Originally Posted by xavitxus
Can someone please explain this regular expression:
It's making me crazy
Alrighty. I'll split the regex in two parts to explain it:
A dot represents one character, any character. The asterisk is a multiplier that means the previous expression can occur zero or more times, and the slash is just a literal forward slash. So this part of the regex can be read as: "Match any amount of characters followed by a forward slash".
Since the dot has a special meaning in the regular expression, it's necessary to escape the first dot to instruct the program that we're looking for a literal dot, not the regex dot metacharacter. To use a metacharacter as a literal character write a backslash before it. The following .*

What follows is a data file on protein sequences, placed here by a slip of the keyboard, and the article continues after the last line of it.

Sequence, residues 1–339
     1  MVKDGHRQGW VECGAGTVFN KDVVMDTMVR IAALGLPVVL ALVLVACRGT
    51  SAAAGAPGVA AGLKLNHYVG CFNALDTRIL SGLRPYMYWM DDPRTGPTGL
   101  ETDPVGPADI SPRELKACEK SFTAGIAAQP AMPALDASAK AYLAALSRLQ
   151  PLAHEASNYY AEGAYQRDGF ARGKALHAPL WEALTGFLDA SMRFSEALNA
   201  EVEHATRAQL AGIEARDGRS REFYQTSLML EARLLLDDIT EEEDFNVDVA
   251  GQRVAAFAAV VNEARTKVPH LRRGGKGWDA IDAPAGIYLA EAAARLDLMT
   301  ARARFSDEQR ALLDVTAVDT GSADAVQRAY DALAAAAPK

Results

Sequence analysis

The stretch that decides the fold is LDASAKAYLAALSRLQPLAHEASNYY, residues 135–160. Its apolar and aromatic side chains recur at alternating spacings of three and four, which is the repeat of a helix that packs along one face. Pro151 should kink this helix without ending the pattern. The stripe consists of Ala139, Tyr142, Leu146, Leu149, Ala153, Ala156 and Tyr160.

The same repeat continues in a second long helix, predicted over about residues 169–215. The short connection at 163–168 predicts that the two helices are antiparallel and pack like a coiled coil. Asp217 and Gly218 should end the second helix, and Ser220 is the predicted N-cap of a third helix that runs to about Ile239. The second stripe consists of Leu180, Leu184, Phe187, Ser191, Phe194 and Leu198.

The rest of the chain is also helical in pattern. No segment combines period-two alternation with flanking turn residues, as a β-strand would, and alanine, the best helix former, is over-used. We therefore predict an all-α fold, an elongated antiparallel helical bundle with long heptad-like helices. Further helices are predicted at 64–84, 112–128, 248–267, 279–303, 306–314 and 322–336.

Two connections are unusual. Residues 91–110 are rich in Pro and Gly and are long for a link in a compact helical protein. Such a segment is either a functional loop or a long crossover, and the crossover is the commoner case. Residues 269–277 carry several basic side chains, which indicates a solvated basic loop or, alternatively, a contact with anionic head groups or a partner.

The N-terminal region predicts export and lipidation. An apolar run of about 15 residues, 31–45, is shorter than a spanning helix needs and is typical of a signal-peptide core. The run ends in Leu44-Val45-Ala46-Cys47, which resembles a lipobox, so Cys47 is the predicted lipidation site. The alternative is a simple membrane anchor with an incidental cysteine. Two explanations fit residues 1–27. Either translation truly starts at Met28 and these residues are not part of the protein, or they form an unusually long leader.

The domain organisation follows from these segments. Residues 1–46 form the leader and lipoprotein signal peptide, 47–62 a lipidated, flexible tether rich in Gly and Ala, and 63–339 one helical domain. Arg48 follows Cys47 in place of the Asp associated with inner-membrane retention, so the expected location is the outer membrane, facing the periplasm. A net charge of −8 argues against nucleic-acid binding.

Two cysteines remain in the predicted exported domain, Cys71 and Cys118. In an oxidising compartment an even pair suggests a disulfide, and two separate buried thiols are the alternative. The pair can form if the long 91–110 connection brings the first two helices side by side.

is the same as the first part. This can be read as: "Match a dot, followed by any amount of characters".
So the full regex can be read as: "Match any amount of characters followed by a forward slash, followed by a dot, followed by any amount of characters".
Originally Posted by osvaldomarques
find . \( ! -regex '.*/\..*' \) -type f -name "whatever"
The regular expression will match hidden files and directories of the form dir/.file
. But since it's negated in the find option (! -regex '.*/\..*'
), it will have the reverse effect, matching everything except hidden files and directories.
Hope that helps.